Paradoxically, however, post-9/11 Nato and US military interventions in Afghanistan and then Iraq have exposed the limitations of even the sole military superpower of the day. It is moot that the ambitious and unjustified US misadventure in Iraq undermined the chances of success in Afghanistan, but surely, the two military interventions proved to be an unaffordable overstretch.

The lingering conflicts compelled the US to trim objectives on both fronts. The neoconservative agenda to redesign the Middle East lies in shambles. Having decided to scale down the US military presence, American leadership now concedes that there are no military solutions to the complex problems of Afghanistan, and that “the burdens of a young century cannot fall on American shoulders alone”. 9/11 has nudged the world closer to multi-polarity.

The electronic media has emerged both as a vehicle for integration and understanding and as an enforcer of prejudice and suspicion. The information age is not altogether benign. As the ideologically underpinned bipolar world disappeared, new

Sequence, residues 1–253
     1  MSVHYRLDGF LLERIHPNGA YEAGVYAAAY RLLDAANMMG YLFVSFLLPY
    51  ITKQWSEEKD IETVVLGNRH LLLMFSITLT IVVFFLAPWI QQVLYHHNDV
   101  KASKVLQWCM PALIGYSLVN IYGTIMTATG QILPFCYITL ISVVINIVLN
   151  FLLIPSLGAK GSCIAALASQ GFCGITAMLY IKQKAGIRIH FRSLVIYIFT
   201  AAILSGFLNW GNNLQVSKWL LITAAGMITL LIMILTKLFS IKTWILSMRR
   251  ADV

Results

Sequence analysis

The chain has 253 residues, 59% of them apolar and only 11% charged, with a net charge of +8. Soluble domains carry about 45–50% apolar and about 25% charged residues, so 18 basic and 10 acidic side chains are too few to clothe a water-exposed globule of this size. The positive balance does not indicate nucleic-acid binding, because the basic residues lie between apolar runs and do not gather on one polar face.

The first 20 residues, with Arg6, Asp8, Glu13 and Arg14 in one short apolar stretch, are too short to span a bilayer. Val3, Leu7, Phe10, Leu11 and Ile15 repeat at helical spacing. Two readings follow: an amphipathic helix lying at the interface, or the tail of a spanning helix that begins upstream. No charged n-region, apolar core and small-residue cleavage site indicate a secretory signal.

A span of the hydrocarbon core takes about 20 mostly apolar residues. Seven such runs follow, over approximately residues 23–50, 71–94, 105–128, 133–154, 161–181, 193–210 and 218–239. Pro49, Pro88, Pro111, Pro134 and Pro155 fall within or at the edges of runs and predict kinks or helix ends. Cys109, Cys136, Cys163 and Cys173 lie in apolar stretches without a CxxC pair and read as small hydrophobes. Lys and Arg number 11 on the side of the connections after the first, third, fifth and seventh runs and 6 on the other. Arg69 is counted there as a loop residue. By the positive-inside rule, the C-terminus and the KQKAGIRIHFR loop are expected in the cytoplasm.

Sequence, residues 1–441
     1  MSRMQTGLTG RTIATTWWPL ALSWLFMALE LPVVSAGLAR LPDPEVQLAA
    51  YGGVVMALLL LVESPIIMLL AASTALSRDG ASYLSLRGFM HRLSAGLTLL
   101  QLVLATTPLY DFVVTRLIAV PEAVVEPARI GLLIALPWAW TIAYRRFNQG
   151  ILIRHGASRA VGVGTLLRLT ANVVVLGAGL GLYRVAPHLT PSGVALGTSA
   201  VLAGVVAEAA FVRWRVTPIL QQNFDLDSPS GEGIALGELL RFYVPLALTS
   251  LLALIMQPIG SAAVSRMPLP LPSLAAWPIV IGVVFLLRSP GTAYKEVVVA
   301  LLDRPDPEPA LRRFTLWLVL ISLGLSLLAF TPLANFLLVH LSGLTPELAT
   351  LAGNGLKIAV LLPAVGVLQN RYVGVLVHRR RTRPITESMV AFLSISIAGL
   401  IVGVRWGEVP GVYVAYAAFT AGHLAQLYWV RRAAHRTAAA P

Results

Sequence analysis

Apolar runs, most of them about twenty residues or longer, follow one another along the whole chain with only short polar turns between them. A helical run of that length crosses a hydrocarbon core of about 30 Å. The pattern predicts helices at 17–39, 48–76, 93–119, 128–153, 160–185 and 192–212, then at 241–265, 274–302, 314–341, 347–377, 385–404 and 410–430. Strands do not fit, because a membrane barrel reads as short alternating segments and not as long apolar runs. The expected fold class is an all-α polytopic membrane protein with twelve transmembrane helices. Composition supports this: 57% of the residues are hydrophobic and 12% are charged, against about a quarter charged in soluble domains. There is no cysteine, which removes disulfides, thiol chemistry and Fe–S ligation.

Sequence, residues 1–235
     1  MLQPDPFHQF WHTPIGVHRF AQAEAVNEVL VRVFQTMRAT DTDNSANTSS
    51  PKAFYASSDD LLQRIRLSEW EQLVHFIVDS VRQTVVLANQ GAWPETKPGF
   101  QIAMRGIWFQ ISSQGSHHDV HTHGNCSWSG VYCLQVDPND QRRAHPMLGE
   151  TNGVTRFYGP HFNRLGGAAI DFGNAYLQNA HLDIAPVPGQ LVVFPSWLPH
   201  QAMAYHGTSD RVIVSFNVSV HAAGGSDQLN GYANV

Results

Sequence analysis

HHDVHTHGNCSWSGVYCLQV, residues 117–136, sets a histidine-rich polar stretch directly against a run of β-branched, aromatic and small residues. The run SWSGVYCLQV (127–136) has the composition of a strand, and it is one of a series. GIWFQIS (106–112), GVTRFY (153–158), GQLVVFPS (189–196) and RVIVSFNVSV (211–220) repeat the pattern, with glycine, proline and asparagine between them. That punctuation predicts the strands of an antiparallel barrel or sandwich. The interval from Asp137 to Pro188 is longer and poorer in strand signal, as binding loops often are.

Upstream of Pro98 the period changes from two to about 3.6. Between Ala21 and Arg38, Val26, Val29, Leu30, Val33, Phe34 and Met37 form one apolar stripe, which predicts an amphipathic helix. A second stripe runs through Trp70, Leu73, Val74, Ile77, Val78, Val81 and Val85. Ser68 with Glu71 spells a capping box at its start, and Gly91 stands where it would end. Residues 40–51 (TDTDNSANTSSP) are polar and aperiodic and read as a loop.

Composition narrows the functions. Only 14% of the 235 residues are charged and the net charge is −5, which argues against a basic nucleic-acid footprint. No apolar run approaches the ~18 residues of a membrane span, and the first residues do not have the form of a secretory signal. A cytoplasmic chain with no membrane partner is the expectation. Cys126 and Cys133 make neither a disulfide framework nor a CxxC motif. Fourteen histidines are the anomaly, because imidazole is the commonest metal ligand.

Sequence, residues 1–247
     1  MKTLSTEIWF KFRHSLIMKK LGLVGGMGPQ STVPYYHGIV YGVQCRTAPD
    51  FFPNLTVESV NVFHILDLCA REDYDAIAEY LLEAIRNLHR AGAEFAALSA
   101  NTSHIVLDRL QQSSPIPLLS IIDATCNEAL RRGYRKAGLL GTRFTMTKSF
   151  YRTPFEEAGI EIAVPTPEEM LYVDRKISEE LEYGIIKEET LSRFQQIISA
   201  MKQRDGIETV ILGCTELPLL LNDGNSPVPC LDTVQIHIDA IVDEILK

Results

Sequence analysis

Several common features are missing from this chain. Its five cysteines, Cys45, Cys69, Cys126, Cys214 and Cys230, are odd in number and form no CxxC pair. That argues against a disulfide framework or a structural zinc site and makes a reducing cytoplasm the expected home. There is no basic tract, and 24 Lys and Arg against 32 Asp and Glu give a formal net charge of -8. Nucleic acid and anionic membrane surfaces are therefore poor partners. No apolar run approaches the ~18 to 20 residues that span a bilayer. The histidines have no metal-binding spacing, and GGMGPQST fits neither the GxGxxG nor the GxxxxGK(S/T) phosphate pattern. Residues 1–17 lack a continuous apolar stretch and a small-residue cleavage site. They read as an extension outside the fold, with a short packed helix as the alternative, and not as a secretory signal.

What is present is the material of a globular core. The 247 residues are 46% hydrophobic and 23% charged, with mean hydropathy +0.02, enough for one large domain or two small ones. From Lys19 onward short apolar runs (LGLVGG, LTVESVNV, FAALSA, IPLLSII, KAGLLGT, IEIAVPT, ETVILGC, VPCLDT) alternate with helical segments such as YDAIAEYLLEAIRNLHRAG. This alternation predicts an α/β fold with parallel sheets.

cultural tectonics started surfacing. 9/11 and the powerful media have infused an adversarial content in these differences.

Early voices linking 9/11 to the anger and frustration in Muslim societies over festering political disputes, in particular Palestine, were soon drowned by the narrative promoted by protagonists in the West of a clash of values and systems, between those who espoused freedom and democracy and those with authoritarian anti-democratic dispositions. The Arab Spring may have belied this false premise but the campaign has seared prejudice against Muslims in the consciousness of the West.

This trend is not a one-way street; it is more than matched by rising anti-American and anti-West sentiment across the Muslim world fed by a similar rhetoric. Cyberspace is replete with freewheeling blogs and websites that spew senseless hatred without any accountability. It is difficult to predict the unrestrained relentless dynamic of this phenomenon.